The sky here seems so broad and expansive, making the entire city feel like I'm experiencing it through a widescreen shot. I think the fact that skyscrapers and tall buildings aren't common here---which isn't necessarily a terrible thing---also makes the sky seem as large and vibrant as it is. It truly can be so beautiful at times, and now I fully understand why people like living here for the area's weather. It pretty much seems sunny and clear here on a daily basis, so one never seems to have to worry about the weather ever affecting their days. And without that worrisome factor, it seems to leave so many other things open and possible. But, I do have to mention this permanent tinge of something that completely blankets L.A.. At first it makes everything look really beautiful with its slight tint of color, but when it's been made known that it's actually just a haze of smog that creates a visible layer of pollution between the earth and the sky, well it's a pretty big letdown.
Anyhow, it's been so great living with my friends Jenn and Daniel again. Being around them feels so natural and comfortable like I had never even left or been separated from them, so a part of me on occasion wonders if the past two-and-a-half-years-plus in Asia really happened. On my my first night back here in America with them last month, I remember rubbing Madden's belly and thinking, "well I guess that [Asia] happened, huh?" I only know a handful of people here in L.A. so meeting up individually and catching up with some of them has been nice. However besides that, I haven't been going out much. I just spend most of my time with my two close friends, so sometimes it's easy to even forget that I'm in this city---or even back in America for that matter.
I feel like I've been in a daze since returning to America/L.A.. A large part of it has to do with the fact that L.A. is not a city of walkers or pedestrians, so it's been difficult for me to adjust to. Since growing up in NYC, walking has been a vital part of my life. It's one of my all-time favorite things to do, and exploring places by foot whenever possible is something that helps me get a sense of where I am. I like feeling the energy of a city and people around me through the soles of my feet, and whether it was in NYC or other Southeast Asian countries during my travels, I have always always walked whenever possible. Don't get me wrong, if I can hitch a car ride to a far away place I will, but if I'm traveling alone or not in a rush, walking or taking public transportation is always preferred. Basically, my body needs to walk and work up a sweat because it's what I've been doing for forever---and it just simply feels so weird not to. Back in Thailand, I guess I didn't really know how good I had it. There, I always walked or commuted to where I needed to go. And because of the tropical climate, it usually meant going through cycles of sweating throughout the day. Walking from my studio apartment to the bus stop would be cycle 1 of my shirt being drenched in sweat. Then getting off the bus to walk to the subway/sky-train would be cycle 2 of my shirt being drenched in sweat, etc etc. My days back in Bangkok usually comprised of this schedule---and all of it made my body feel a lot more healthier and like I was constantly ridding away toxins on a daily basis (on top of helping me to feel better and maintain my weight as well).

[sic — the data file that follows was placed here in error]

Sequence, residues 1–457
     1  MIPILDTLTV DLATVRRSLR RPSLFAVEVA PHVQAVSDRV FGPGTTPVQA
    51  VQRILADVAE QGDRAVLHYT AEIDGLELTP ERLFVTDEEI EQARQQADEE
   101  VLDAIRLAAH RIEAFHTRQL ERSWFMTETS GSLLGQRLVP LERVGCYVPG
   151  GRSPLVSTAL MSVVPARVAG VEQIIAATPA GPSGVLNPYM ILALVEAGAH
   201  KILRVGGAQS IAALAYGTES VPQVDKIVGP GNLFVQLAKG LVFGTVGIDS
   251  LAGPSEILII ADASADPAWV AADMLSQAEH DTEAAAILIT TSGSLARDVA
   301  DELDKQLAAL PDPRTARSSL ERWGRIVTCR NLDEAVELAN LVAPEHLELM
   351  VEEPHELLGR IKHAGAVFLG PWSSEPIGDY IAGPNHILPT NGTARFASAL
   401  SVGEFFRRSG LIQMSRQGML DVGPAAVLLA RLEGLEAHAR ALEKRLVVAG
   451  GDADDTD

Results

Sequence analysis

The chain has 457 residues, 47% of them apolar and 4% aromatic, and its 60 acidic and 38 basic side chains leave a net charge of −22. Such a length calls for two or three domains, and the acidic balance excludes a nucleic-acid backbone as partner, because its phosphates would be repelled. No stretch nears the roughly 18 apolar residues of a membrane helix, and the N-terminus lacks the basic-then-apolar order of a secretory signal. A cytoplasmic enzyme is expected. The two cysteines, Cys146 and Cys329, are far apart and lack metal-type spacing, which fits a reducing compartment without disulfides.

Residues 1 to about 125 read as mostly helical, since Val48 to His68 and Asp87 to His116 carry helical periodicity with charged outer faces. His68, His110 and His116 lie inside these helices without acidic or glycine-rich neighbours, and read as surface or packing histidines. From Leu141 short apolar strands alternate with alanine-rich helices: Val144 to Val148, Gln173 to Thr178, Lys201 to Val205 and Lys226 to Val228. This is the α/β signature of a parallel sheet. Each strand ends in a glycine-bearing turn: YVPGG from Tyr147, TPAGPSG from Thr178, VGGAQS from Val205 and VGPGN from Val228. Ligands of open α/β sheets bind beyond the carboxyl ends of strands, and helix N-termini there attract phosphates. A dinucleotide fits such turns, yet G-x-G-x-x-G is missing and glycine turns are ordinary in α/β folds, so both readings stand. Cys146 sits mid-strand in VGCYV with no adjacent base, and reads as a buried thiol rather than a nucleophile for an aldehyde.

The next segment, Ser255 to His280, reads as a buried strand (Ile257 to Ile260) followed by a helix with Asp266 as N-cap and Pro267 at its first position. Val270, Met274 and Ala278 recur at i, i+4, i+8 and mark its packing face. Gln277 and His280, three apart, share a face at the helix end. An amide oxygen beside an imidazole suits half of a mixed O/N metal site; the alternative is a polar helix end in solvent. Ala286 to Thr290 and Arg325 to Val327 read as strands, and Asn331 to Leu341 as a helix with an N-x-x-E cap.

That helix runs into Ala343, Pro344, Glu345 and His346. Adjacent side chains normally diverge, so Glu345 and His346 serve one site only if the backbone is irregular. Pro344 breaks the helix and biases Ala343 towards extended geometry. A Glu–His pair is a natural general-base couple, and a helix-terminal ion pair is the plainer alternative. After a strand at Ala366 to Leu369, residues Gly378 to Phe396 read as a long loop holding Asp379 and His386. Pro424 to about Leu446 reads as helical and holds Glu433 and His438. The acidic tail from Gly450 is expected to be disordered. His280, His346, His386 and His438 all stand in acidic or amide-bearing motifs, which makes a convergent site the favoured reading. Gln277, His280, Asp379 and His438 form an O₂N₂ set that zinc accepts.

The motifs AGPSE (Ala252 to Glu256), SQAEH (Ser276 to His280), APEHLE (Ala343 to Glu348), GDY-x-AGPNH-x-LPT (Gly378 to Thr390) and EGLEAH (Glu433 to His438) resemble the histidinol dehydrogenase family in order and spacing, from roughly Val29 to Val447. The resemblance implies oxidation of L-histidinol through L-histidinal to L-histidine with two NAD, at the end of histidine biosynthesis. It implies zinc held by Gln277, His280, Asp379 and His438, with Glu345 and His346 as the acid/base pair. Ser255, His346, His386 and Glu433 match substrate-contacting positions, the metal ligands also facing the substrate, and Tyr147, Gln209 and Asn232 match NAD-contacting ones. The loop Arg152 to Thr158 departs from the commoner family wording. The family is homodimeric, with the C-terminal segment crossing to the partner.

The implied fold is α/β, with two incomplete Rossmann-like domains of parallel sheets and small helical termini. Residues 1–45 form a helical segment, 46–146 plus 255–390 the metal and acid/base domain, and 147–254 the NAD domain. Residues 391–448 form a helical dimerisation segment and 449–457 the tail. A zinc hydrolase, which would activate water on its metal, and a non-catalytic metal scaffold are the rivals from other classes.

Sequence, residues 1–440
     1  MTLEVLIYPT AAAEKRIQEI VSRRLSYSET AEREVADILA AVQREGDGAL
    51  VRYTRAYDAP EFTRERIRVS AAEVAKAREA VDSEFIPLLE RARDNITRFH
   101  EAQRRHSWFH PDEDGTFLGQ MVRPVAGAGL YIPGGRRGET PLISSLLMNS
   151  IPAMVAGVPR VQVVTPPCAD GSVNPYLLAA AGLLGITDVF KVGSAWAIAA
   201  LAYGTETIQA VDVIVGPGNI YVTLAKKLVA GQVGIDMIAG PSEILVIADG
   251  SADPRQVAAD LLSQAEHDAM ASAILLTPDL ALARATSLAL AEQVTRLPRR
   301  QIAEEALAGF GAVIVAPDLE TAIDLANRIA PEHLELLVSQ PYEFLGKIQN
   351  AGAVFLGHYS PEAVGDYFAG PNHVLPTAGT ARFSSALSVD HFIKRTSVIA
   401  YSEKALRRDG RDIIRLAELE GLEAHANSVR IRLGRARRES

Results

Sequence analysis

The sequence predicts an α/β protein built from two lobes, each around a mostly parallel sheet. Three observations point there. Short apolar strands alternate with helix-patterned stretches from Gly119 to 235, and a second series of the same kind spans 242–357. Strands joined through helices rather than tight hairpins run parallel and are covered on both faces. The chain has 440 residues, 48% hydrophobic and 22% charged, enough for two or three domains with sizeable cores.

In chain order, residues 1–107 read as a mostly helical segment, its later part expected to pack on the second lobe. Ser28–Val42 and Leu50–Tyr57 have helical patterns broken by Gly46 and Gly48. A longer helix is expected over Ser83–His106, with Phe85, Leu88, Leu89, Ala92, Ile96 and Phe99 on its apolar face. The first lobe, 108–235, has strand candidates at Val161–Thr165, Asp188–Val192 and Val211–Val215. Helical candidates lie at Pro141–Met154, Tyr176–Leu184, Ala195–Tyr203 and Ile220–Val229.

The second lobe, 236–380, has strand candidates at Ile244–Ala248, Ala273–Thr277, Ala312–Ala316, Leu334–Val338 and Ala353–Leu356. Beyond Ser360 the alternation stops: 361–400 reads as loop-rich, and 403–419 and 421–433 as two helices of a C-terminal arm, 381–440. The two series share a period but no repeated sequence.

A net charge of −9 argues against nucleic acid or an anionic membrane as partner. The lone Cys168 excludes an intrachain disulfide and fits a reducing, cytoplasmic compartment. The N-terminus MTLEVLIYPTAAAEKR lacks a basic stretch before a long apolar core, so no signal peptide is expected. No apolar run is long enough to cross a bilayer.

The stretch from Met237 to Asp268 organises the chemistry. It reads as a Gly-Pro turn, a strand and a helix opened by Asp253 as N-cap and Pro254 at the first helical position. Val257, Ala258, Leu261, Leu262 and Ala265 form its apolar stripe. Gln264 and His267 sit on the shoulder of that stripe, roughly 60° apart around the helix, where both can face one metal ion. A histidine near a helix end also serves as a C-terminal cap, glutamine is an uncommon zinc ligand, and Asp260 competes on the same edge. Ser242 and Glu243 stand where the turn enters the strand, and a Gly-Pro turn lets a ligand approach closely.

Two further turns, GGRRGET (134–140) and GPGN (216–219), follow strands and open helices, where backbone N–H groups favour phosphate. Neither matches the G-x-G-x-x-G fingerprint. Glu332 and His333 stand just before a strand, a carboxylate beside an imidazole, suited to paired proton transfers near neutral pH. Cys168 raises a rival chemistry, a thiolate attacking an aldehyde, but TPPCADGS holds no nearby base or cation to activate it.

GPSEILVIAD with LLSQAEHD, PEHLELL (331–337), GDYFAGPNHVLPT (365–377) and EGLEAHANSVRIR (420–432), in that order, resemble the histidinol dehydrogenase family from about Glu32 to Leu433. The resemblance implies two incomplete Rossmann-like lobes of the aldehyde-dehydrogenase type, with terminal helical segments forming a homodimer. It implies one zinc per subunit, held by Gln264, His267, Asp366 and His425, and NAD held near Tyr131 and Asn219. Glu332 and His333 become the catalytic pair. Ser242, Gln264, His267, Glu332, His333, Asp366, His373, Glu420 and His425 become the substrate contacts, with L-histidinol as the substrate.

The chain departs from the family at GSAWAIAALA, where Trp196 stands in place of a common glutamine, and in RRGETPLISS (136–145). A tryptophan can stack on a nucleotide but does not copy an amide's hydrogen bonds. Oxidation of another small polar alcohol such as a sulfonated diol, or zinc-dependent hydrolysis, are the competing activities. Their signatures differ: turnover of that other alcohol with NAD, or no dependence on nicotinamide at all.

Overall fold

But all that has changed in L.A..
I've tried walking here, but it just seems impossible. And don't even get me started on the public transportation system here---it makes me long for the buses with no air-conditioning in Bangkok. Most of L.A.'s sidewalks seem as desolate as an evacuated city sometimes---there's just no one out. And for the people that are visible on the sidewalk, it's sometimes difficult to use them as a gauge to get a better understanding for the city and the people that represent it. In NYC, for every person that roams the street, there's an ample amount of others for them to blend in with. The same goes for Asia, where city streets there are just bustling and bubbling over with people. There's definitely an energy to these metropolises where walking down a busy street can make you feel stimulated alive, and the ocean of strangers that always surrounds you feeds and drives you in a way that feels as natural as taking a relaxing bath alone. There's magic that comes along with this daily exposure to unexpected and chance occurrences. Whether good or bad, or exciting or boring, that zest for life keeps you on your toes and helps shape who you are. But these sorts of everyday and random encounters don't seem to happen here, so I'm trying to still figure everything out. I'm usually always either at home, with my 2 friends, or in transit to somewhere inside a car with them, so interacting with strangers and spontaneity does not come often.
Don't get me wrong, I'm still so happy to be back in America and here in California though---especially with my friends Jenn and Daniel. And to keep my non-walking self to stay active, I've started taking Bikram Yoga classes a couple of times a week. I first began doing Vinyasa Yoga back in Thailand, so it's been interesting to switch things up here in terms of practice-style and yogi classmates. And just as the locals do, I've been to Runyon Canyon and the reservoir at Silver Lake a few times as well.
Until next time, happy walking!